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PSR Position Statement on Hydraulic Fracturing
Adopted by the Board of Directors March 30, 2012
No single solution can meet our society's future energy needs. The answer lies instead in a family of diverse energy technologies that share a common thread. Renewable energy technologies tap into natural cycles and systems, turning the ever-present energy around us into usable forms. Solutions to our future energy needs must not deplete our natural resources, destroy our environment or negatively impact human health. As we transition from our current fossil fuel dependent energy policy the transition is guided by the same principles: Minimize impact on health and the environment in our energy production and use.
In light of these concerns, Physicians for Social Responsibility (PSR) is focusing on the multiple threats to human health posed by the technologies and processes associated with hydraulic fracturing, also known as “hydrofracking” or “fracking,” used to extract natural gas and other fossil fuels from underground formations. These threats to health include industrial scale water consumption and contamination; air pollution, particularly by volatile organic compounds (VOCs) and methane; seismic effects, and the generation and management of large quantities of toxic liquid waste. Long-term impacts on freshwater aquifers are a poorly understood potential threat to our limited drinking water supplies that requires a precautionary approach until impacts are known.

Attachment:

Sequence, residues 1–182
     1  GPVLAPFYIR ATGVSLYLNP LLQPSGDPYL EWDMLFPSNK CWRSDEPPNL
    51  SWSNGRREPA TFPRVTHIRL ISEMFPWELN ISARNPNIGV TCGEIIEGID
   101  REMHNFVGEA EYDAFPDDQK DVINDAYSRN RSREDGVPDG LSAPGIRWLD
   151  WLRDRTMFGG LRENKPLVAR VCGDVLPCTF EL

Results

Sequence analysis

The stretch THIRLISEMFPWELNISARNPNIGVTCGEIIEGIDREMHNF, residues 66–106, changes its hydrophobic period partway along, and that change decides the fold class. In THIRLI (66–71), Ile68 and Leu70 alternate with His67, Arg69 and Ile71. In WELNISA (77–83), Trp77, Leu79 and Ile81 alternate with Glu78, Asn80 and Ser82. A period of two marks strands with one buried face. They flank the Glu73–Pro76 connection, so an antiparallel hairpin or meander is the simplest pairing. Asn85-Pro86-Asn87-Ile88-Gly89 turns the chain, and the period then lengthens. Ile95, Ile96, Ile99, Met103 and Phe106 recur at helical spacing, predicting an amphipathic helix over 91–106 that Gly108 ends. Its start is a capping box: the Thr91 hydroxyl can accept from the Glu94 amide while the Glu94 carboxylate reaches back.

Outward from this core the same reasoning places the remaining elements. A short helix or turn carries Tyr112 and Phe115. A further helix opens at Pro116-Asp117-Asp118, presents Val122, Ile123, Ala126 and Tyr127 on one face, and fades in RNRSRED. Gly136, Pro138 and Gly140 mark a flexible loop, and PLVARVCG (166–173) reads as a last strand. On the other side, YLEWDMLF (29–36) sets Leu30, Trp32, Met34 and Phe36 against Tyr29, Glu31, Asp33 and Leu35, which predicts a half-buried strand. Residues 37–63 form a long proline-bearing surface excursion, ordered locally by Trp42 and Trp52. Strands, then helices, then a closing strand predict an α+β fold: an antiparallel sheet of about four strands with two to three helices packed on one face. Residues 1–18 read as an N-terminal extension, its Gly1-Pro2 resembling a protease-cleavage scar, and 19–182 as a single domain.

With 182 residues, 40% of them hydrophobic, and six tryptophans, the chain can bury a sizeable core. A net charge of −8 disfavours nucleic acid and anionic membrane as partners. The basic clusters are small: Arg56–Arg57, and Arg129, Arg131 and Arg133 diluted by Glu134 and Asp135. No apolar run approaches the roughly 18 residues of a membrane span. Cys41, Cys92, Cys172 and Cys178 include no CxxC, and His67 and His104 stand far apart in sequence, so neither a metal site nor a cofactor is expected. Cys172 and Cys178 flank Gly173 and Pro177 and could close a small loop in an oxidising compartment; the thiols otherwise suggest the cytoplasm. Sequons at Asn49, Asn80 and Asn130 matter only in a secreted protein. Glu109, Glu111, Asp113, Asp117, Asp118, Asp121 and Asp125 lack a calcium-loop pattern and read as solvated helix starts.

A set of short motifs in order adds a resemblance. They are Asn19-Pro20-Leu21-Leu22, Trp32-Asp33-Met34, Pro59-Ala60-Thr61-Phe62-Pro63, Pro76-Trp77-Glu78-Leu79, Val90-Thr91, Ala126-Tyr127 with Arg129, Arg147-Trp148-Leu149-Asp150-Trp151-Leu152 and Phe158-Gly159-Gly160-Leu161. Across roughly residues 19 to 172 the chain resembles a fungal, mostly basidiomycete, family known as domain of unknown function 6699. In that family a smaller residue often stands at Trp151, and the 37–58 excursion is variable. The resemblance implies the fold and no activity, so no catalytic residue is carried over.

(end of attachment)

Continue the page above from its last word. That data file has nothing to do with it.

PSR supports a precautionary approach that includes a moratorium on the use of hydraulic fracturing until such time as impartial federal agencies such as the U.S. Environmental Protection Agency develop and implement enforceable rules that provide adequate protection for human health and the environment from fossil fuel extraction processes that use hydraulic fracturing.
In order to achieve such protection, the oil and gas extraction industry must fully disclose the chemicals used in hydraulic fracturing, the amount of waste generated by their operations, and the waste management procedures utilized for disposing of those wastes. Furthermore, industry must promulgate and execute appropriate strategies to manage safely the threats to health that arise in the hydraulic fracturing process. The costs of such health-protective measures are the costs of this business and should not be paid by the general public.
Hope for a Heated Planet
Author Bob Musil, former PSR executive director and now scholar-in-residence at American University, has written an insightful and informative account about the climate change issue and how it has finally emerged in the public’s mind as a major public health concern. Read more »
Extreme Weather Impacts on Public Health
Dr. Catherine Thomasson's presentation at the Woodrow Wilson Center on April 10, 2013 on the effects of climate change. Read more »
Climate Change Flyer
Handout was developed by writer Bruni Estrada and graphic designer Daniel Pizarro, in collaboration with Mathias Pollock, Program Coordinator - Student PSR. To see more of Daniel's graphic design work visit http://www.danielpizarro.info. Read more »
In the Spotlight
September 20, 2013
Conference: Climate Smart Southwest
Build new and fortify existing cross-cultural, community, and governmental partnerships to educate and engage community action to address the anticipated public health impacts of climate change in the Southwest, September 20-21.